Lawrence Harding was my first photo essay. I managed to get it published in the Post Tribune with help from friend and photo editor Andy LaValley. Lawrence Harding (and people like him) is/are the reason I picked up a camera. Shooting famous people can be thrilling but it doesn’t compare to shooting someone like this man. I think a lot of photojournalists choose their careers in order to give life and legitimacy to the people in this world who are overlooked and undervalued.
I grew up near Gary, Indiana and the racial lines were very clearly drawn when I was growing up. I used to go there as a social worker in the 90’s and I felt cheated that such a divide existed. When I left social work, there wasn’t really a reason to go there anymore, so when I began to learn photography, I drove there looking for interesting photos and people. One day, a very small white and blue church caught my eye and I knew something interesting was going on inside.
I drove by several times over the course of a month – scared to knock. I finally mustered up the courage and when I knocked, a man swung open a door in a long black robe, looked at me and said, “Praise the Lord!”
He welcomed me into his small church – Lively Stone Pentecostal. He was trying to get his church going and besides a few community “revivals”, he only preached to his family. His son played the drums and his wife and daughter sat in the audience. I followed them and photographed them for the next few months. The family welcomed me into their world and I learned what many outside of Gary would not. Without a camera – I would have had no reason to knock on his door. Sometimes I wish everyone had a camera so they would have a reason to go into places they would have no reason to visit otherwise. They too could see the faith and strength of a beautiful family like this in such an “ugly” place.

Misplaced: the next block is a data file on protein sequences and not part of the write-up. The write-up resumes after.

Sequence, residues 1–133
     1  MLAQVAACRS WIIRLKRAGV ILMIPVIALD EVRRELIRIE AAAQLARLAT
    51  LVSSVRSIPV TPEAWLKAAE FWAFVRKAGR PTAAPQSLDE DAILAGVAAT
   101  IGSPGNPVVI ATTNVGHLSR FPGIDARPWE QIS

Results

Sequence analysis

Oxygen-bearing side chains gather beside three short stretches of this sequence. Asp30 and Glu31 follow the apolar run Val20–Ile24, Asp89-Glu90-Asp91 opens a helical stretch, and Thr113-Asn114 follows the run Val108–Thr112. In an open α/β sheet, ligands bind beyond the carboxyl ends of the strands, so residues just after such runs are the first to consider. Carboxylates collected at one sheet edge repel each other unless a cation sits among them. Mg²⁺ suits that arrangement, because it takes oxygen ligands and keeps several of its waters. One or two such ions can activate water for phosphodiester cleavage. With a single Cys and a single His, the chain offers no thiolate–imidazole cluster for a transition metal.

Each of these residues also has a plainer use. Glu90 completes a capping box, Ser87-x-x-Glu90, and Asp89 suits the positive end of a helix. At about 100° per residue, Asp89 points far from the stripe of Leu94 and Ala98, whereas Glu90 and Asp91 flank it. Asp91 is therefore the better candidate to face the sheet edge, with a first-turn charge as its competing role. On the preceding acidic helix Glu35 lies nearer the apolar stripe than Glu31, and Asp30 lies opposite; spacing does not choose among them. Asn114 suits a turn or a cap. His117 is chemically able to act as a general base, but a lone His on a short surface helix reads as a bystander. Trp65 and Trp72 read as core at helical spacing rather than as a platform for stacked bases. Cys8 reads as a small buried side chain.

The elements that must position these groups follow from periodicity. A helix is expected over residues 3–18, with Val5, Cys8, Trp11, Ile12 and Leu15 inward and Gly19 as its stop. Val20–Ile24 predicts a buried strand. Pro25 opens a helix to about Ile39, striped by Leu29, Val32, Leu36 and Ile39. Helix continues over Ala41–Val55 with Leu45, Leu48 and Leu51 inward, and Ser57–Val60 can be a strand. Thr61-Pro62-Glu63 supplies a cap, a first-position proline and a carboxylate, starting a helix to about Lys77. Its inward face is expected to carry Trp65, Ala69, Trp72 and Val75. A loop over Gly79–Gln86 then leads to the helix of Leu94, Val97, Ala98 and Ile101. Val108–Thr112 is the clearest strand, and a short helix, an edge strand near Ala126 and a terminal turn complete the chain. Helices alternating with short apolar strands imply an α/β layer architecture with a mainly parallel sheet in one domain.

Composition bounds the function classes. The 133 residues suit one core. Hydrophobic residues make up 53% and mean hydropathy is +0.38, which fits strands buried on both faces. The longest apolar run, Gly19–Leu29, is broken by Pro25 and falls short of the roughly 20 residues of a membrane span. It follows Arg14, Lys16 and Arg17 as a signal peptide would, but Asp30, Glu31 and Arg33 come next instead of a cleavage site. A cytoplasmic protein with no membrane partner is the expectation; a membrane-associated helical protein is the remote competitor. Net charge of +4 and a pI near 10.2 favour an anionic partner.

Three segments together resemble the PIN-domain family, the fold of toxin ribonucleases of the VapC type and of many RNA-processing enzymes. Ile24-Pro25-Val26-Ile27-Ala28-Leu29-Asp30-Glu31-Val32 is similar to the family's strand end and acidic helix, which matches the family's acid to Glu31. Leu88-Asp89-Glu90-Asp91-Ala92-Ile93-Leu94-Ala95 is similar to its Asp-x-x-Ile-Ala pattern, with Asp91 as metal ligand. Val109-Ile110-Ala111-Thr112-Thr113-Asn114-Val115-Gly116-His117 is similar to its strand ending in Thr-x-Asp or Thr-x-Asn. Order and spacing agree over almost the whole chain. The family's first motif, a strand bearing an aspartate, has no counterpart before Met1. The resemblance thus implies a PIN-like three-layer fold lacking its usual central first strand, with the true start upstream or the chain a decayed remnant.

I too am drawn to magazine covers with Jennifer Aniston and Brad Pitt – but why do we pick them up when we know better? Why does crap and banality continue to thrive when there are people like this man who are out there doing so much more?
Mr. Harding told me of a check he found underneath his door one day. It was for $30.00 and it had a note on it saying “Keep on doing what you are doing.” The last time I talked to him, he had to abandon his little church and he became a guest preacher at another larger church in Gary. Sadly, his young wife died of a brain tumor. I will always be grateful that me and my camera were touched by this generous, beautiful family.
There are two reasons I wanted to be a photographer/visual storyteller: the first is cinematographer Caleb Deschanel . Many photographers are influenced by other still photographers. I was definitely influenced by fellow Hoosiers Peter Turnley and David Turnley, but I did not know of them at the age of 10. I fell in love with images without words through the cinematography of Caleb Deschanel when I walked out of the theatre in 1978 after seeing The Black Stallion.
I had never seen a movie where the first half was almost without dialogue. I loved horses, but I left the theater loving film and the power of storytelling without words even more. I was so in love with it I could barely sleep that night. I’ve since seen the movie over and over again – even as an adult. I remember 10 years later melting down into tears over one of the scenes during Christmas break from college. My brothers turned to me and said “What the hell is wrong with you?” This scene was/is especially memorable for me. *link below.
The Black Stallion